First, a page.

Parts of this film are great, like the scenery, Pitt, Ormond and Hopkins (I buy his performance with the stroke). The story is just too overblown and grandiose to get through it without a couple of eye rolls. Worth renting.
Sunday, February 17, 2008
1. Paper Planes - M.I.A. - This is the song from the Pineapple Express trailer. Great lyrics and beats, my favorite song so far this year. Plus, you can't beat the use of a gun for percussion.
2. Walk Unafraid - R.E.M. - From the recently released "REM Live". Showcase for Michael Stipe's voice is great at first and then gets a little 'experimental' for my tastes, but then goes back to melodic REM. Getting ready for the March 12th show at Stubbs in Austin. The rest of their tour dates can be found here.
3. Piece of Me - Britney Spears - Catchy and cool song from the most wheels off person in America. Gotta love the use of a chicken sound.
4. Amarillo By Mornin' - George Strait - Why I don't already have this, I can't tell you. This one reminds me of Original Appraiser and driving to Colorado.
Saturday, February 16, 2008
.“They want to have a meeting with me, right? It will be me, McCluskey and Sollozzo. Let's set the meeting. We get our informants to find out where it's going to be held. Now we insist it’s a public place, a bar, a restaurant – some place where there's people so I'll feel safe. They're gonna search me when I first meet them, right? So I can't have a weapon on me then. But if Clemenza can figure a way to have a weapon planted there for me, then I'll kill them both.”
The Godfather (1972)
Al Pacino as Michael Corleone
Screenplay by Mario Puzo and Francis Ford Coppola
(Click below for the rest)
Bull Durham (1988)
Kevin Costner as Crash Davis
Screenplay by Ron Shelton
The Grapes of Wrath (1940)
Henry Fonda as Tom Joad
Screenplay by Nunnally Johnson (Novel by John Steinbeck)
The Third Man (1950)
Orson Welles as Harry Lime
Screenplay by Graham Greene
Peter Finch as Howard Beale
Screenplay by Paddy Chayefsky
Posted by Doctor at 10:56 PM
Indiana Jones and the Crystal Skull. Coming May 22. Just hearing the music makes me excited for this one. Hopefully George Lucas' script won't be so bad that I can't enjoy it.
Pineapple Express. Coming August 8. New comedy with the Apatow gang, starring Seth Rogen. Trailer is laugh out loud funny.
Street Kings. Coming April 11. Cop drama from the writer of Training Day, starring Keanu Reeves, Forrest Whitaker, Chris Evans and others. Could be good.
Where in the world is Osama Bin Laden?. Coming May 31. From Director Morgan Spurlock (Super Size Me) - With a baby on the way, and a need to make the world safe for infant-kind, an unassuming guy from West Virginia takes on what no special ops team could do: he puts to use his complete lack of experience, knowledge, and expertise to find the most wanted man on earth.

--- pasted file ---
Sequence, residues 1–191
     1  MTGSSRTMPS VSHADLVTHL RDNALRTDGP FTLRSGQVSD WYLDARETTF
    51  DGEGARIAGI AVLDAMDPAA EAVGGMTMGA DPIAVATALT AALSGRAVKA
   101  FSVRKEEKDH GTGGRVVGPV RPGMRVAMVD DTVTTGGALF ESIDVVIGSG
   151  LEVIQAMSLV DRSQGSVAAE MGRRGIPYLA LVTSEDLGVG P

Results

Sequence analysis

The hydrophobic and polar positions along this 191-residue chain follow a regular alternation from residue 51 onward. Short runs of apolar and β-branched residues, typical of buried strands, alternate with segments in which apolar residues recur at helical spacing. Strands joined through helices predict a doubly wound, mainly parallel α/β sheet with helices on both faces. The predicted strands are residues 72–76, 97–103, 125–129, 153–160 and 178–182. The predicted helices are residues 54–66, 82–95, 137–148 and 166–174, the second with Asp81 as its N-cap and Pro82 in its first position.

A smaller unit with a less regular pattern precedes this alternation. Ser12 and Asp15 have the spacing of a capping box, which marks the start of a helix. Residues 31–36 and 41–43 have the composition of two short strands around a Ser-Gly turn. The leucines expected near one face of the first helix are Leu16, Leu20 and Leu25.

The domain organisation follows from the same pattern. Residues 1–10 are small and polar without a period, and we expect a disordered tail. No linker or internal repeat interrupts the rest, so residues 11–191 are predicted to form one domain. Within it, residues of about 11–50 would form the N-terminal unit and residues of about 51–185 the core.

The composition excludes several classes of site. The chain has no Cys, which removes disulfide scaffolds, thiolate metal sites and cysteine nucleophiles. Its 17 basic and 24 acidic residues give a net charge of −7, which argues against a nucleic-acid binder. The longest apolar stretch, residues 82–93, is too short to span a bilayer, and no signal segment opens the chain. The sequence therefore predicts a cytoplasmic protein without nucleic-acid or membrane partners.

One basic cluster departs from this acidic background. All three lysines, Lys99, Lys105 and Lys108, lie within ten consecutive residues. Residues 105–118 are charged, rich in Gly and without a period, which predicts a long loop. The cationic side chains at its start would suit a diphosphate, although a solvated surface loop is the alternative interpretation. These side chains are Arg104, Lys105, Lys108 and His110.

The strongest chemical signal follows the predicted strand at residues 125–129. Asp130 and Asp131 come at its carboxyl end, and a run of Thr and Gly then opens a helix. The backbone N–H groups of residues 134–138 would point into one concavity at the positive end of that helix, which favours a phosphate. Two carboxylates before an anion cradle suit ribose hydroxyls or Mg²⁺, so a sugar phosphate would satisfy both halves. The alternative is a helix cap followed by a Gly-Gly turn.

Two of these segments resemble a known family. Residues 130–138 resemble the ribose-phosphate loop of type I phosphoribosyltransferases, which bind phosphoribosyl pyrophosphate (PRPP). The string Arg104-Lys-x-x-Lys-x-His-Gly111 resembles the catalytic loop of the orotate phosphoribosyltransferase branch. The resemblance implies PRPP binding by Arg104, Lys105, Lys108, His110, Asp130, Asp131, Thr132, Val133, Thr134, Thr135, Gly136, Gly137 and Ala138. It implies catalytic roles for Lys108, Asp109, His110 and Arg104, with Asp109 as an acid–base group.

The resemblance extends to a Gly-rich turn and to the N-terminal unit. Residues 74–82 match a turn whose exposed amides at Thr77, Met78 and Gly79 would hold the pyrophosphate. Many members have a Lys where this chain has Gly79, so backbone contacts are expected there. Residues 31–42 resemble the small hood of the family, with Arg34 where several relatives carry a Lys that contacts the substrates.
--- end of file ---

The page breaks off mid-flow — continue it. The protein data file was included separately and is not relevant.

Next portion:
Bonus: The new Scorsese PSA to not use your phone in the movie.
Matt Damon/Sarah Silverman video. Late posting this, but he is hilarious as a 'stomper'.
Friday, February 15, 2008
Continue reading this post
Not together, natch, but coming soon to a concert hall near you. Dylan is performing Friday, Saturday and Sunday February 21, 22 and 23 at the House of Blues in Dallas, his only scheduled stops in the USA. Vedder is performing in various small venues on the West Coast in April.
Thursday, February 14, 2008
In theaters March 21. Rated PG-13, 90 minutes. Trailer.
Tonight I attended a preview screening of Married Life with a Q & A and reception with the film's star, Academy Award winner Chris Cooper (Best Supporting Actor, Adaptation). The film, which also stars Pierce Brosnan, Rachel McAdams, and Patricia Clarkson, is a cynical study of the complexities of marriage and sloppy morals. Cooper is a doting husband to his wife, played by Clarkson, even though he has found 'true love' with his mistress (played by McAdams). When he confides in his best friend (Brosnan, also the film's narrator), Brosnan immediately begins his pursuit of McAdams behind his friend's back. Click below for the rest of the review and pictures of my Chris Cooper meeting.
Ultimately Cooper chooses the easy way out....instead of telling his wife, he decides to poison her. The film doesn't turn into a horror film by any measure, but does get heavier than I expected based on the spunky advertising and poster. Cooper's choice and the odd and ultimate entaglement of the characters is meant as a sort of 'love the one your with' message, but presents a very cynical view of love and marriage.
The film, directed by Ira Sachs (Forty Shades of Blue) was nice to look at, with lots of rich colors and textures from the 1949 backdrop. McAdams was miscast here, though, and the platinum blonde minus mole concealer washed out some of her good looks. Cooper is excellent as the straightlaced but desperate man, while Brosnan provides a good humored birds eye view of the whole situation, even as he becomes entangled in it. This felt a little bit like Desperate Housewives meets Breach.